The Surrendered

Chang-Rae Lee toggles between Korea, New York, and Italy in this epic novel of grief and survival.

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    The Surrendered
    By Chang-Rae Lee
    Riverhead Books
    480 pp., $26.95
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Chang-Rae Lee may have written the feel-bad novel of the year. The author of “A Gesture Life” and “Aloft” has already proven himself a literary force to be reckoned with, but he’s ratcheted things up a notch with his epic of grief and survival, The Surrendered.

Toggling between 1950s Korea and New York and Italy in 1986, “The Surrendered” tells the story of June, an orphan who lost her entire family during the Korean War; Hector, an American soldier; and Sylvie, a missionary’s wife who runs the orphanage where June finds refuge. Something then goes terribly wrong at the New Hope orphanage.

In 1986, June is a New York antiques dealer who has been diagnosed with terminal cancer and wants to find her grown son before she dies, Hector is a janitor and semifunctional alcoholic, whom June is determined to drag with her on her quest, and Sylvie is dead.

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June and Hector haven’t seen each other since the marriage of convenience that got June into the United States. And neither is comfortable in the other’s presence, given certain survival instincts and the circumstances surrounding Sylvie’s death.

All three main characters are shaped by unendurable losses, although they all endure. Hector proves especially physically resilient – he shrugs off life-threatening injuries with an ease that depresses him. Even decades of alcohol abuse can’t put a dent in his glowing good looks. (The parallels with Achilles get pounded home.) “His, it could be supposed, was the sentence of persistence.”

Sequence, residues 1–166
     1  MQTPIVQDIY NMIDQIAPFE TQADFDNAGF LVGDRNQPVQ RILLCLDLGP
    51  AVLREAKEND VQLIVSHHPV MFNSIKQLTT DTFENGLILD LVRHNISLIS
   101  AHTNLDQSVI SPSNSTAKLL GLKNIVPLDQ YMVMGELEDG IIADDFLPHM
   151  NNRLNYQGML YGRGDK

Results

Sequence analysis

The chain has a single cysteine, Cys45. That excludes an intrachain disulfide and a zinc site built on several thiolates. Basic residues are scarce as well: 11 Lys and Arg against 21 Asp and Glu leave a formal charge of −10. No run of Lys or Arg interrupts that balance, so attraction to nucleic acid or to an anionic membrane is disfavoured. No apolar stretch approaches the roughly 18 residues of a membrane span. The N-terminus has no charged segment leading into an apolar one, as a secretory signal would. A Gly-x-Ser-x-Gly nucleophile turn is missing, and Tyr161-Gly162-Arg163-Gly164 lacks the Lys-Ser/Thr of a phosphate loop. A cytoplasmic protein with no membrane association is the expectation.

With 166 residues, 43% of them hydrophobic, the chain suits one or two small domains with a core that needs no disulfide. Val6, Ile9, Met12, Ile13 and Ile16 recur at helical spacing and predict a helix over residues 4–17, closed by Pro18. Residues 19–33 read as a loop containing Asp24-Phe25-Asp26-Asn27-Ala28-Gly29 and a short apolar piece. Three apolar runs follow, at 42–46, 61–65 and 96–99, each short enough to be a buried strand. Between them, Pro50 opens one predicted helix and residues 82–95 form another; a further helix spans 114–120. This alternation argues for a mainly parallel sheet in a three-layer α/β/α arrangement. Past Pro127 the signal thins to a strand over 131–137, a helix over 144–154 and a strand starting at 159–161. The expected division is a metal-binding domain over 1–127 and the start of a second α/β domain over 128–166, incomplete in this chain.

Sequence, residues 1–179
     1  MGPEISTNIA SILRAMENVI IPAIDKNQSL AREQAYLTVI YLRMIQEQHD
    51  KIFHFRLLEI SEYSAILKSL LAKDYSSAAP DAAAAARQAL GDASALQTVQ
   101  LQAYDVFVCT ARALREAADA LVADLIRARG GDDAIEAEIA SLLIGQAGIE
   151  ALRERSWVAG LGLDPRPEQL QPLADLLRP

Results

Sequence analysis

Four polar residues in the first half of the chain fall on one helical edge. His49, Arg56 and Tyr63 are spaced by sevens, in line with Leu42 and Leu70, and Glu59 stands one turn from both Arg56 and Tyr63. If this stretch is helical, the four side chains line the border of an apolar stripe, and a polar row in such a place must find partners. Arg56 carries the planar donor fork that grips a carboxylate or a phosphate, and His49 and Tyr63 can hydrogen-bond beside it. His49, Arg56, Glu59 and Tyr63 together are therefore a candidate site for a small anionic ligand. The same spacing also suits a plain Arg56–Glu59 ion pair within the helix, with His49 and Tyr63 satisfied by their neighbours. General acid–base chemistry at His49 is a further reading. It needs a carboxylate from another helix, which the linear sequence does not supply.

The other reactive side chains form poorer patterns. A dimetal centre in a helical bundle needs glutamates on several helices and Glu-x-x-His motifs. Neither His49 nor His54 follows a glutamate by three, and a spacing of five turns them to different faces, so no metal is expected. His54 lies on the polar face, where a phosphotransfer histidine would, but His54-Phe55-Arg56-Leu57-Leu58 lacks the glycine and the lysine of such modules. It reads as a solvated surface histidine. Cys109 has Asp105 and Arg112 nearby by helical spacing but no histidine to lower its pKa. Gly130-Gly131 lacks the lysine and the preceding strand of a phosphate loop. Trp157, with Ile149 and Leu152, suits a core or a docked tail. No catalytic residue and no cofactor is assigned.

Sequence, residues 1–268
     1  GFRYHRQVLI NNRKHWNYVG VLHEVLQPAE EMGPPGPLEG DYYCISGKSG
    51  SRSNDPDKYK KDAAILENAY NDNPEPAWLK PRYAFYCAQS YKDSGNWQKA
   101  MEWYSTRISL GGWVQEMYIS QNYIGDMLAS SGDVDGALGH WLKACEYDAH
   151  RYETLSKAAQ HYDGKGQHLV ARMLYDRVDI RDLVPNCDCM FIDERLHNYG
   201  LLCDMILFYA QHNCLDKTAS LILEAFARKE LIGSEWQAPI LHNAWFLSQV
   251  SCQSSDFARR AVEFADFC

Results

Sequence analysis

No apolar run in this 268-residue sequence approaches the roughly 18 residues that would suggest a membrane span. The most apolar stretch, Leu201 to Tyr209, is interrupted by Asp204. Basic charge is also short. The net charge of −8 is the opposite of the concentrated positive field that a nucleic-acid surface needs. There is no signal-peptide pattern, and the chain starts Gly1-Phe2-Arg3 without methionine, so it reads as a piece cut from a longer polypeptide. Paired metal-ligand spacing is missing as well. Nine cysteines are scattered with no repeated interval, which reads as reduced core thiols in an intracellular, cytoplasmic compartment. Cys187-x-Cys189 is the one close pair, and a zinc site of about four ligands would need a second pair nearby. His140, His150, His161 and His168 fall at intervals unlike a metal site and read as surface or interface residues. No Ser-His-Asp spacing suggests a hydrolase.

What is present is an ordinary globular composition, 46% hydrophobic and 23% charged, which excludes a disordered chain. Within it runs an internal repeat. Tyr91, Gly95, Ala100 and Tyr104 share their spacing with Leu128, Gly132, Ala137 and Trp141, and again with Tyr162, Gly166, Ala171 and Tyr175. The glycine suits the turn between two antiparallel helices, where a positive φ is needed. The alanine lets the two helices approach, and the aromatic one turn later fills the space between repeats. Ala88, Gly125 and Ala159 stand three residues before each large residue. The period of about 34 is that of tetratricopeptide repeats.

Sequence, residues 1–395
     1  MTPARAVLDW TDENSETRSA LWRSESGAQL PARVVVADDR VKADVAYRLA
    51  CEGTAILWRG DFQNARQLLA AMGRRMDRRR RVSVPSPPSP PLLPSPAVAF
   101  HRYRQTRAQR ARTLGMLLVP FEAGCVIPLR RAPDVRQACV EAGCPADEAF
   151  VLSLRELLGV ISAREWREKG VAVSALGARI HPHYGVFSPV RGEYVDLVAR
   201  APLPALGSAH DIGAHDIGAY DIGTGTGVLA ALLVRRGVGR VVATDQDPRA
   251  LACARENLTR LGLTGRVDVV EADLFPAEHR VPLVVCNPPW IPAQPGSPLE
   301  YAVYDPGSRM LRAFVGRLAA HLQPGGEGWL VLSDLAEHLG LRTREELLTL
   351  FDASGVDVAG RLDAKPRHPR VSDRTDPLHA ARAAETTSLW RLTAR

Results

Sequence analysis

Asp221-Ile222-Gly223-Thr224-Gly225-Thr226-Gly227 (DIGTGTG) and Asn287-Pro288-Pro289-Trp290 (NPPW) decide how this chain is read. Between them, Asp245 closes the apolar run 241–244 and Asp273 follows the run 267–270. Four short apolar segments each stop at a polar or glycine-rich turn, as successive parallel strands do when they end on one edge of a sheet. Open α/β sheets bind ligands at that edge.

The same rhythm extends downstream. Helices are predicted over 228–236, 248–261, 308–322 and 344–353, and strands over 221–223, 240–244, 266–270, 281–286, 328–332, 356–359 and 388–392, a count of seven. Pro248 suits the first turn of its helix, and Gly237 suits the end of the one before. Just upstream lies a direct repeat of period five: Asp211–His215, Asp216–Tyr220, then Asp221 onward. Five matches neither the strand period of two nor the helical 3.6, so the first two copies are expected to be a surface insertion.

June, before her diagnosis, also radiated health and vitality; and Sylvie’s golden beauty attracted everyone who saw her. Sylvie grew up the only child of two aid workers in the 1920s and ’30s. “She remembered her father telling her ... how this world was littered with those cut off in mid-bloom, all this wasted beauty and grace, and that it was their humble task to gather as many as they could and replant them. It didn’t matter that they were stomped and torn. That the soil was rocky and poor.... She was sure this was true of the children. But what of a person like her? Could one ever reroot her own long-trampled self?”

Lee is not one for comforting platitudes. In the battle against death and chaos, Hector thinks, “Love was the prime defiance, of course, most every story told of that, though well short of love there was the simple law of association, just nearness and contact....” Is that enough consolation, the novel asks, in the face of the loss of everyone you love? (In fact, Lee goes overboard with the casualty list: There are two deaths near the end that seem piled on unnecessarily.)

In the first 30 pages, June loses both parents and all of her siblings in a variety of heartbreaking ways. (The beginning actually works as a great test case as to whether “The Surrendered” belongs on your reading pile.) As an adult, June reflects on the dogged tenacity that kept her alive as a starving child: “even though she held no illusions of being an admirable person, she had always been capable of making her way, no matter what.”

Hector’s life is shaped by guilt over his dad’s death, and the torture he fails to stop as a soldier doesn’t help his mental well-being. He takes a job digging graves, so that he doesn’t have to witness any more pain, and after the war ends up as a handyman at New Hope orphanage.

Sylvie’s secrets date to an earlier era and are even more horrifying. The cumulative weight of tragedies is enough to make it seem as if the characters in “King Lear” were merely having an off week.

Lee delineates, in thoughtful detail, the emotional toll survival has on his characters. (His depiction goes beyond the usual pop psychology checklist of survivor’s guilt.) In addition to Homer, Lee weaves in references to the battle of Solferino in Italy, quoting extensively from an account by an eyewitness to that tragedy.

The doctor treating June argues that survival itself is admirable: “We cheat time, June, all of us, where we’re ill or not.... And I don’t want to hear about ‘quality of life’ or some such. Life is quality of life. If you can take nourishment and communicate and conceive of tomorrow, then another day is riches enough.”

But for Lee’s characters, surviving at any cost has left them with a terrible question: Was it really worth it?

Yvonne Zipp regularly reviews fiction for the Monitor.

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